Introduction

Prolog.NET is a .NET-based Prolog interpreter based on the Warren Abstract Machine (WAM) architecture.

The original paper describing what would become known as the Warren Abstract Machine was published by David H. D. Warren in 1983. A book clarifying and expanding on the details in this paper was published by Hassan Aït-Kaci in 1991.

Prolog.NET deviates from the standard WAM architecture in a few important respects. Most significantly, it relies on the garbage collection support provided by the CLI. No explicit memory management is performed by Prolog.NET. All variables, environments and choice points reside in the CLI heap. . To ensure objects in the heap can be reclaimed in a timely fashion, Prolog.NET must still respect the context of variables when binding variables to other variables and properly “unwind” variable bindings during backtracking.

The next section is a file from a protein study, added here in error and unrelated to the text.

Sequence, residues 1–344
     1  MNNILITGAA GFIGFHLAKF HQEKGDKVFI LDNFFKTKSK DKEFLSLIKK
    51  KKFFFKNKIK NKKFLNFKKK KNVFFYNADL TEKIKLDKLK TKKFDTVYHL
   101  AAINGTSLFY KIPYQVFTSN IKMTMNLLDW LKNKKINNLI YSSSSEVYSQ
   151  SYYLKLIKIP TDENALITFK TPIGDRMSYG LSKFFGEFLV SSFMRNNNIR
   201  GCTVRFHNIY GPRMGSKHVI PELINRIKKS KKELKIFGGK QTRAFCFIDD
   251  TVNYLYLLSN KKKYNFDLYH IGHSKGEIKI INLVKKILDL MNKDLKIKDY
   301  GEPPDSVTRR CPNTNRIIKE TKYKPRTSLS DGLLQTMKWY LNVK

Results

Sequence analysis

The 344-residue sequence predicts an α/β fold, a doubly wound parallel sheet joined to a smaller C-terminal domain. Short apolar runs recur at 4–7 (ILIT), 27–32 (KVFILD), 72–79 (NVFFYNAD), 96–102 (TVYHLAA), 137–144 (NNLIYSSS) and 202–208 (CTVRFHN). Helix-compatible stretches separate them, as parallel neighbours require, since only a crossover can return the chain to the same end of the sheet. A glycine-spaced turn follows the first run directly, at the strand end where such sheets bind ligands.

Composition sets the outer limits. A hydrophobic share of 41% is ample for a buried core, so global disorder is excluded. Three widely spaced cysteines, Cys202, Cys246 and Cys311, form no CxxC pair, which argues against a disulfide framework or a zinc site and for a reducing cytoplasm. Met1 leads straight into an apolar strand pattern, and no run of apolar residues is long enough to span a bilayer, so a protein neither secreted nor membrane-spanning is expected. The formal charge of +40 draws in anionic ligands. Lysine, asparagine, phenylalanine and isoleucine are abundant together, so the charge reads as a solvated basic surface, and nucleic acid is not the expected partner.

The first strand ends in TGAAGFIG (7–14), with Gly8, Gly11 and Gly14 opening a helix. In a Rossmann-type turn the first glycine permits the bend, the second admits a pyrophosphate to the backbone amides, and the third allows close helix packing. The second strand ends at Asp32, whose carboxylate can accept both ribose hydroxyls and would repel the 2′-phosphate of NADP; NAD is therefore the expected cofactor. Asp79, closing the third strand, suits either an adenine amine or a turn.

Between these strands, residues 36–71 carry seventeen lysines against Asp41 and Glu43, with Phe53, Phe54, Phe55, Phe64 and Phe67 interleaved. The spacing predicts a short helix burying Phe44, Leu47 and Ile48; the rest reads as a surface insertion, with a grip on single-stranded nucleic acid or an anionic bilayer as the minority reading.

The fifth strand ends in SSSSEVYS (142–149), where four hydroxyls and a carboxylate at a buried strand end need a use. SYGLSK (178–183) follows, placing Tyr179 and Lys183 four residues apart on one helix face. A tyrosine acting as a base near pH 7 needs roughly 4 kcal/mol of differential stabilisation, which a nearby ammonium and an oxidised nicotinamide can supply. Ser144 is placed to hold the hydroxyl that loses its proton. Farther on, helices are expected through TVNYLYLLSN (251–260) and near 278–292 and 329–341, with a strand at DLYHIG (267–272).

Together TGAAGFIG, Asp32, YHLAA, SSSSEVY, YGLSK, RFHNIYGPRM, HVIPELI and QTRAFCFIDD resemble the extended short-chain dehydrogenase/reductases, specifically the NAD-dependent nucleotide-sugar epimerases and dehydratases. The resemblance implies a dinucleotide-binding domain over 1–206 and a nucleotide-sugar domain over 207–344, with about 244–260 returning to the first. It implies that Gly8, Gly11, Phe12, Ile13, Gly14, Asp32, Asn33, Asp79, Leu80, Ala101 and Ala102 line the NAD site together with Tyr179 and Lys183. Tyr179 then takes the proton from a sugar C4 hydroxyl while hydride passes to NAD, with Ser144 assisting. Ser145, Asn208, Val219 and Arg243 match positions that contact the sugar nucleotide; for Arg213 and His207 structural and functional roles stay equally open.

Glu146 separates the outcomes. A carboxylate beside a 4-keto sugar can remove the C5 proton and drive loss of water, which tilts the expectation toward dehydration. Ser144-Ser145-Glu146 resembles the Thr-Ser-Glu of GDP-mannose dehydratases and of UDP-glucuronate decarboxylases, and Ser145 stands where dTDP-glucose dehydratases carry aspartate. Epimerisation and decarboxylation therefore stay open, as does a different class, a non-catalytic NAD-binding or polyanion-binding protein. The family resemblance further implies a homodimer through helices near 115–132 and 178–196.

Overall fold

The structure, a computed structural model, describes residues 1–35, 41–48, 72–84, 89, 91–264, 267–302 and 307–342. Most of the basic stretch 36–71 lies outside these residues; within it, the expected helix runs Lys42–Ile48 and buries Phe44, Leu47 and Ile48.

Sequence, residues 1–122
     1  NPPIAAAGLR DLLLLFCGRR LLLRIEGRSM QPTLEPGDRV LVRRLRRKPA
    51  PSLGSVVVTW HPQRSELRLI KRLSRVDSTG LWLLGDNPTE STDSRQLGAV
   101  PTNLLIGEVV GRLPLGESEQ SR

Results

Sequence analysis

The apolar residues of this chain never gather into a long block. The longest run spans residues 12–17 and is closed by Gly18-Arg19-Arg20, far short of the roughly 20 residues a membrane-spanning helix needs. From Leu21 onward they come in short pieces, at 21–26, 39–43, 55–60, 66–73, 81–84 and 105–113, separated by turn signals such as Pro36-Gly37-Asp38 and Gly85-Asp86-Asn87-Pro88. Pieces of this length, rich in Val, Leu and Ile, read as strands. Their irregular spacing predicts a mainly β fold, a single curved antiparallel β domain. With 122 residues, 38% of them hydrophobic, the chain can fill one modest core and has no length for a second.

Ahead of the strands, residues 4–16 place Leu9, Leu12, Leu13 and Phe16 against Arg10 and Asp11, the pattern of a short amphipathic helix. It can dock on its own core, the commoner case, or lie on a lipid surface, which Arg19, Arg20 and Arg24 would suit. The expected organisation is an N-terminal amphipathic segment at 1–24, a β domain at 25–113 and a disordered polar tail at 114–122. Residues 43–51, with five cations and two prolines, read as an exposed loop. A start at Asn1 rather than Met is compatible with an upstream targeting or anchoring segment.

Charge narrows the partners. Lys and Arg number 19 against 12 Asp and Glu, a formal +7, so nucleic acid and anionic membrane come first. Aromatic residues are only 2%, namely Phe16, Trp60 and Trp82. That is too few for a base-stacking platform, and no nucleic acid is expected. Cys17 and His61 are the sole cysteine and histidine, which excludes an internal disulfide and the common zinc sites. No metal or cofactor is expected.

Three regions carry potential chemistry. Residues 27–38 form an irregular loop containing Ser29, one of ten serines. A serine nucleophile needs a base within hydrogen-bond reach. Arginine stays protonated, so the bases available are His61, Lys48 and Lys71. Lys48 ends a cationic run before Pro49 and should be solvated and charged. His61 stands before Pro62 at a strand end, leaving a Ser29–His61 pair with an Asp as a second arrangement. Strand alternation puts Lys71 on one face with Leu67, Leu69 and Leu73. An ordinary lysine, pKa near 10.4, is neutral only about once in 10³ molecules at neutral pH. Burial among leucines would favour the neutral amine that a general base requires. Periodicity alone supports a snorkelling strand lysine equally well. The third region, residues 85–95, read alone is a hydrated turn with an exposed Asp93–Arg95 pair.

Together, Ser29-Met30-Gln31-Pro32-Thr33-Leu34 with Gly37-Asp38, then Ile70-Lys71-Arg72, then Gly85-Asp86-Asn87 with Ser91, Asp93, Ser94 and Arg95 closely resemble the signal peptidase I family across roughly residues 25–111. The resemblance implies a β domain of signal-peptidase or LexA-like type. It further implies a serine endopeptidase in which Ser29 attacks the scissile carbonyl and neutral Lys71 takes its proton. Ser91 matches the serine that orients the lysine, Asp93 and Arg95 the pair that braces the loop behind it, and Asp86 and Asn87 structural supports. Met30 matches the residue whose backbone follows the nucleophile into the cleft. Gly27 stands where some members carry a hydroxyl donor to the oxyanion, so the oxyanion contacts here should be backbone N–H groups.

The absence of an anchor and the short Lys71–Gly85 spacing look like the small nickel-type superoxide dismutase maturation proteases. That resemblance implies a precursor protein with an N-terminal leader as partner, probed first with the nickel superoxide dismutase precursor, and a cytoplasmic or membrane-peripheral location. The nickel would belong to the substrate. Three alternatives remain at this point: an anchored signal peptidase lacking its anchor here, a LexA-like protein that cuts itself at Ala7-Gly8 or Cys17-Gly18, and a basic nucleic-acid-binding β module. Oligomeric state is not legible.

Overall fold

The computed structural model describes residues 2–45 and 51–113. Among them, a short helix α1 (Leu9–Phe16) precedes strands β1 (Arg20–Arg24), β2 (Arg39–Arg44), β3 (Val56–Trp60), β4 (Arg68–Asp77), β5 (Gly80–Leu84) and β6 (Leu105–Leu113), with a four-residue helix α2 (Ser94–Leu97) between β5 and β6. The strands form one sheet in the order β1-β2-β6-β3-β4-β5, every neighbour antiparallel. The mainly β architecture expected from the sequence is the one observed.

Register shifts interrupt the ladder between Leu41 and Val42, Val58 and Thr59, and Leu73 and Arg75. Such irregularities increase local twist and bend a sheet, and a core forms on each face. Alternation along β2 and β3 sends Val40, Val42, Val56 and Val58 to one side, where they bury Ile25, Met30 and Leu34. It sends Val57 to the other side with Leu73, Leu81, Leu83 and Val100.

In the original WAM architecture, the terms “variable” and “value” in opcode names refer to unbound and bound variables, respectively. Prolog.NET uses the terms “unbound variable” and “bound variable”. Further, the WAM architecture uses the term “constant” to refer to integers, strings and other extra-logical objects. Prolog.NET reserves instead the term “value” for this use since these entities can also be created dynamically by external library functions.

Prolog.NET can be called directly from client applications. A WPF-based IDE is also supplied.

For more information, please see the Prolog.NET Reference Guide.

Last edited Mar 29, 2010 at 1:47 AM by rtodd, version 10

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